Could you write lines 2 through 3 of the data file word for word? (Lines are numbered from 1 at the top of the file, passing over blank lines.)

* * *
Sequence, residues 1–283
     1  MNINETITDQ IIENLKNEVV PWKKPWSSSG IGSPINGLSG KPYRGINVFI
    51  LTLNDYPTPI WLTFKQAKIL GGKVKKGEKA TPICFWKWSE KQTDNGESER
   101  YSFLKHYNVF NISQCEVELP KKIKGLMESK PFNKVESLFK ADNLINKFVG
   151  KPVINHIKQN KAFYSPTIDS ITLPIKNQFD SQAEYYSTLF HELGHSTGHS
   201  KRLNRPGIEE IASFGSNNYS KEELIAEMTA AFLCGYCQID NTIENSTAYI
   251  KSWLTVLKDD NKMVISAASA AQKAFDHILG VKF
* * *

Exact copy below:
     1  MNINETITDQ IIENLKNEVV PWKKPWSSSG IGSPINGLSG KPYRGINVFI
    51  LTLNDYPTPI WLTFKQAKIL GGKVKKGEKA TPICFWKWSE KQTDNGESER